Pop Art, a pop-folk quintet from Granada Hills, is about as un-trendy as you can get. And according to its members, that suits them just fine.
"We're too wimpy for a scene," says vocalist/lyricist Dave Steinhart, 24. "Our music is not scene-ster music."
"If you look at scenes, it gives fans a way to dress and behave," adds his brother, guitarist/song-writer Jeff Steinhart, 26. "But you see the way we dress. . . . There's nothing to identify with. And in the long run, that's a major advantage because when a scene dies out, a lot of the bands go with it. I don't think that many bands that are really successful are part of a scene."
Still, he admits, Pop Art--Dave, Jeff and Rich Steinhart, bassist Tony Ortega and drummer Steve Weisburd--probably could have received more exposure in its nearly three years of existence if it had been part of some musical clique. On its own, of course, the band hasn't done too badly with its blend of acoustic sensibilities and pop affectations. The group's latest record, the 14-song "A Perfect Mental Picture" (on its own label, Stonegarden Records) hit No. 20 on Boston Rock magazine's December college radio playlist--an impressive achievement, considering that the band's music is not typical college radio material.
"It's pop folk," Dave Steinhart says. "Usually on college radio the folk you hear is like Phranc, something that is definitely bent or has an angle to it. (Our folk) is not weird. It's just good. College radio plays things that are bent or weird or aggressive."
Certainly no one would label Pop Art's music as weird or aggressive. If anything, the record is too tame at times. The band comes through stronger in person, where the melodies exhibit more punch and independence from the sometimes cloying vocals. And "A Perfect Mental Picture" definitely has its high points--particularly "One," a Top 40 pop tune if ever there was one. The band's next LP--which they're at work on now with producer Ethan James--is going to be meatier, Dave says.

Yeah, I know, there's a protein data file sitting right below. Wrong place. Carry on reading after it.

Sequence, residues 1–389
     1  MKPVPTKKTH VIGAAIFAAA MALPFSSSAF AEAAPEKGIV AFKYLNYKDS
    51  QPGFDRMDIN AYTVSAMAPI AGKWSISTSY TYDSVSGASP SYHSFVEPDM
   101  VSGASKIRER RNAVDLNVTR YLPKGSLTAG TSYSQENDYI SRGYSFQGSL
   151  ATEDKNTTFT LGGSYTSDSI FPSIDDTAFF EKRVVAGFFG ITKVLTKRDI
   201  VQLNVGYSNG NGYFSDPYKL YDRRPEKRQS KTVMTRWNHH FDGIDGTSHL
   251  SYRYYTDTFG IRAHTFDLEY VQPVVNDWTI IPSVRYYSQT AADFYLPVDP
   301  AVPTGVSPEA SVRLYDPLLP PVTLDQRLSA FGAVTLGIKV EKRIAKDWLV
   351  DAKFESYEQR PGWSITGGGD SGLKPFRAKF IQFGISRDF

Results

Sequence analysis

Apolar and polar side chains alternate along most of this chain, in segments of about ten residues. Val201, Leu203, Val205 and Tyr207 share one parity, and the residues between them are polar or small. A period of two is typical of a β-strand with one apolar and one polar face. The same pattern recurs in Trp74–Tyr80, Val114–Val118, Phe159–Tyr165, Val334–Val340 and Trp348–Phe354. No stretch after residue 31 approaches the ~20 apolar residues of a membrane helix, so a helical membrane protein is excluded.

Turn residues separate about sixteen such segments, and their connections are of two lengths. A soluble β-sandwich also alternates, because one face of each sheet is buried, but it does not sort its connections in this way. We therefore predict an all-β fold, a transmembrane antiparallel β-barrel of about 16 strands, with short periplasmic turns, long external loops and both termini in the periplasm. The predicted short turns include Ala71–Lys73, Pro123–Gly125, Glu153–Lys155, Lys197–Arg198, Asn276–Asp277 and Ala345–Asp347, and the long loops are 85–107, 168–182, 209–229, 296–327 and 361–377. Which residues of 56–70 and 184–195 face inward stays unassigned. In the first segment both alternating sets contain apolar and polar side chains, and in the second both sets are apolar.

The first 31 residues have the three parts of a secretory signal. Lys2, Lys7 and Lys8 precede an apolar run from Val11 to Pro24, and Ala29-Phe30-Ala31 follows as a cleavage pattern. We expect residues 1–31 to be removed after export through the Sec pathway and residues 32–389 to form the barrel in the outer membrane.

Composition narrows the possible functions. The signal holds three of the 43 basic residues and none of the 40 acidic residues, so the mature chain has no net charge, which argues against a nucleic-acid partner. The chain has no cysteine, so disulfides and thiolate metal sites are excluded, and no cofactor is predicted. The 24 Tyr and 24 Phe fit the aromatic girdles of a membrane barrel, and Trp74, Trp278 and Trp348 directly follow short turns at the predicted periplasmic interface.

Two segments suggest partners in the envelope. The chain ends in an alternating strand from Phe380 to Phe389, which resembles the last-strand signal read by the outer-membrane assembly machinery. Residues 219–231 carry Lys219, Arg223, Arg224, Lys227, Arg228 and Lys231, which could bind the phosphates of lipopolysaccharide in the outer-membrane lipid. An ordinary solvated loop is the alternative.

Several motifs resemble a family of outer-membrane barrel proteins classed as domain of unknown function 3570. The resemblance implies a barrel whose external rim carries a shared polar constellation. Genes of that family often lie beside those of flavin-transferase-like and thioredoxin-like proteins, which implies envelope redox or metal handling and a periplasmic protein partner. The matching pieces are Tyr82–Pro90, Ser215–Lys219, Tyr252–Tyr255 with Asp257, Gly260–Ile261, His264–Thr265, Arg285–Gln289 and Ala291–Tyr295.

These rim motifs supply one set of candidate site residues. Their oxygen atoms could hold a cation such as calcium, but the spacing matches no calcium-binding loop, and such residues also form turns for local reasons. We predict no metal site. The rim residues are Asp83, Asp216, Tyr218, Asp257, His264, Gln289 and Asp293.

"We just evolved that way. We were playing live and people were there and listening to it and it was intense, but it would be nice if they could just tap their feet and didn't have to think about every word."
Pop Art is about to depart on its first major tour outside California, a trip through the Southwest. Ironically, notes Jeff, leaving Los Angeles may actually improve the band's stature at home.
"Just because we're from L.A. doesn't mean that this is where we're going to have a strong base," he notes. "Look at the Long Ryders. They'd still be playing the Roxy on a Thursday night if they hadn't gone to England, where they really took off. That's why I want to travel, because we may find our pot at the end of the rainbow in New York or Georgia or Holland."
"You're a bigger deal when you travel," Dave adds. "In Texas, people already want to do articles and talk to us. We've been here for five years (in various bands) and nobody really cares. It's time for us to go. L.A.'s not a real great market for pop. It's big for heavy metal or whatever happens to be trendy at the time."
Even though it may be the right time, it's not easy for the band to tour. All the members of Pop Art either work or are in school. In addition, there is Stonegarden Records, the record label run by the group. While hardly on a par with other band-run labels such as Black Flag's SST, Stonegarden is slowly building a following and has released records by Waves of Grain, the Stingrays (from Santa Barbara) and Fields Laughing (from San Francisco).
And although it may sound as if the the Steinharts have carved out a solid niche in the music industry, that's not enough.
"You've got to keep one foot in real life," says Rich, a 20-year-old math student at UCLA. "I don't want to wait and realize in 10 years that the only thing I can do is be a checker in a grocery store during the day to support the band at night."
Adds Dave: "The music business is not real life and anybody who says it is doesn't know what he's talking about. Reality is the jobs we all have. Reality is my dad working 9 to 5."
"We have all the time in the world," Jeff says. "I know other bands that have given it up after a year or two. We don't have to worry about that. Some people see it as a sellout, working and all. But I couldn't be creative if I didn't have some money in the bank."